Tom Hanks returns as Harvard scholar Robert Langdon, this time summoned to Rome by mysterious Vatican security to investigate the kidnapping of four Cardinals on the eve of the election of a new Pope. A clue (helpfully reading “illuminati”) leads him to believe that a the secret society of scientists and truth-tellers have come to take revenge for their 17th century purging. The Large Hadron Collider (actually working in this piece of fiction) creates a macguffin that could change the shape of Rome as we know it — if not the world.
Hanks, usually so watchable in any kind of rubbish, is sluggish here and Howard’s direction tries heroically to keep flagging interest alive — he really does have great command of pace and tone — but this will not go down in history as his best work.
Nicolas Cage’s recent run of dismal failures is somewhat broken by Knowing (a hokum thriller about the end of the world) yet he still seems miscast as a widower astrophysicist who stumbles on a sheet of paper that seems to predict disasters (air crashes, 9/11, etc) before they happen. This badly written rubbish is made memorable by a couple of thrilling effects set-pieces but they’re not really worth sitting through the rest of it.
After watching New York getting destroyed (again) it was something of a surprise to see, 15 minutes later, the city looking perky and cheerful in the opening scenes of Night at the Museum 2. Ben Stiller is now a successful inventor and infomercial salesperson and he’s lost touch with his friends at the Museum of Natural History. You remember? The ones who come to life at night thanks to an ancient magic tablet. Those ones. But when they are retired and packed off to Washington for storage, he has to go and rescue them from the the many threats awakened at the Smithsonian — including a Colossal Squid which I could’ve sworn was at Te Papa.
Rushed into production before the writers’ strike last year, Night at the Museum seems underdone and repetitive and the kids in the screening with me were bouncing off the walls with boredom.
James Corden is a porcine comic actor who has achieved inexplicable stardom in the UK thanks to his sitcom “Gavin & Stacey” (in which he plays neither Gavin nor Stacey) and his “comic” partnership with Mathew Horne is being exploited as fast as humanly possible — before their 15 minutes is up. At the same time as they were writing an appearing in a sketch comedy series (“Horne & Corden”) they were shooting a terrible travesty of a horror spoof called Lesbian Vampire Killers which, due to the vagaries of the international distribution system, has actually been released in New Zealand.
Horne and Corden are dim-bulb mates who get lost in the woods on a hiking trip and stumble across a village in which all the women are magically transformed into lesbian vampires the moment they turn 18. Even worse than it sounds, if that’s possible, the lesbian vampires aren’t even that hot which means it fails even on its own limited terms.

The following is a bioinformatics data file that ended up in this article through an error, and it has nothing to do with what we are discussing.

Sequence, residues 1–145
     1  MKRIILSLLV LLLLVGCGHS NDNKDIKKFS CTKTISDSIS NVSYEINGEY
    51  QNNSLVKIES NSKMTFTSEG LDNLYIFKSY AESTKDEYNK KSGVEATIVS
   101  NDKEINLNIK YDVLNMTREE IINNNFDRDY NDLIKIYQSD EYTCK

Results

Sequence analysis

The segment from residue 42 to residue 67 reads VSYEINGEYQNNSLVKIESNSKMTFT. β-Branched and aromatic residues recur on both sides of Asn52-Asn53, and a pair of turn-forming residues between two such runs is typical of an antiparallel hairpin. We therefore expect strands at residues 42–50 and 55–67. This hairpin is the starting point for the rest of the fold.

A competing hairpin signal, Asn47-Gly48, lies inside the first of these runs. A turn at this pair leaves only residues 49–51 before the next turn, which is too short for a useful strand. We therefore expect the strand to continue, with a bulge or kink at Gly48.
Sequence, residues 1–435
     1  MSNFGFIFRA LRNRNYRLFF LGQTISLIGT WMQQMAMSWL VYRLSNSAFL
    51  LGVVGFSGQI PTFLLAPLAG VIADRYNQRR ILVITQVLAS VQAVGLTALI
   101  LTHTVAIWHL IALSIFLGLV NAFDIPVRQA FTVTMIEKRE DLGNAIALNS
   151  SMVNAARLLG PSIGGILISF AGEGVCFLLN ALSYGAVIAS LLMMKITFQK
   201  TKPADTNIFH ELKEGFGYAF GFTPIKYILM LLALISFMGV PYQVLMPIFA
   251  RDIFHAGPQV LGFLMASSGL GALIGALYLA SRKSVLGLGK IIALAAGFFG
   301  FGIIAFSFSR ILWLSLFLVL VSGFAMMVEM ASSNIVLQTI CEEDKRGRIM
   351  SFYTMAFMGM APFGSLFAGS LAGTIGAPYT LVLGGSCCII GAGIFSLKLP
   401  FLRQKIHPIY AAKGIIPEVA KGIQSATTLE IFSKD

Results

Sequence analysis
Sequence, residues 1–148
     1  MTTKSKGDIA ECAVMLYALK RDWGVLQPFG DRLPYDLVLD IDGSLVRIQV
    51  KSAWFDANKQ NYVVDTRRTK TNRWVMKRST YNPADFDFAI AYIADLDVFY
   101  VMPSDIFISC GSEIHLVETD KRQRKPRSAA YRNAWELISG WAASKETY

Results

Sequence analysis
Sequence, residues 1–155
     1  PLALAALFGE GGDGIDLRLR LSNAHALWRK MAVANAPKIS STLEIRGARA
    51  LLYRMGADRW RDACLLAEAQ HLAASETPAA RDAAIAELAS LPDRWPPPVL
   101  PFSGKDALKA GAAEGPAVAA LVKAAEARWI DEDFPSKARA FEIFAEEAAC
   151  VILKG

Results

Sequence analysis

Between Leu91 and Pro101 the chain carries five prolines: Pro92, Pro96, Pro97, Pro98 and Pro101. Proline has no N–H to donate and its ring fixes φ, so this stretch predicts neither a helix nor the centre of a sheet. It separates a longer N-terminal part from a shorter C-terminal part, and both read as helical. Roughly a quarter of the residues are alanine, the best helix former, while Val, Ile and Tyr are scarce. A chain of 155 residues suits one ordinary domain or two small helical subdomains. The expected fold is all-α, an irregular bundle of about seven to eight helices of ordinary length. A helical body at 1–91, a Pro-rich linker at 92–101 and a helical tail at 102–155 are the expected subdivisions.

Much more interesting is the Irish indie A Film With Me In It which boasts the entertaining (and too rarely seen) comedian Dylan Moran as best mate to a struggling actor whose run of bad luck is about to get even worse. This is a very black comedy with plenty of surprises which I absolutely cannot spoil.
Finally to France: I’ve Loved You So Long is a drama featuring Kristin Scott Thomas as a middle-aged woman reconciling with her younger sister after 15 years in prison for murdering her own son. Ostensibly about reconciliation, forgiveness and redemption it sells itself out at the end and (despite a self-effacing performance from Scott Thomas) I didn’t believe a word of it. Not a word.
Equally unbelievable (but forgivably so this time) is the literary thriller Roman de Gare directed by veteran Claude Lelouch (his most famous film A Man and a Woman was made in 1966). A twisty little story about lives intersecting through fate and people not being what they seem, Roman de Gare is entertaining fare and gives a leading role to the great Dominique Pinon, a lugubrious actor who has added colour to plenty of great films (Diva, Betty Blue, Delicatessen) without much spotlight for himself.
Printed in Wellington’s Capital Times on Wednesday 27 May, 2009.
Nature of conflict: Roman de Gare is distributed in New Zealand by Arkles Entertainment who I do a little work for now and then (when they’re not complaining about my reviews).
Notes on screening conditions: I’ve Loved You So Long and A Film With Me In It were screener DVDs. Angels & Demons, Knowing, Night at the Museum were all at the Empire in Island Bay one weekend and Lesbian Vampire Killers was a rowdy public screening at Readings.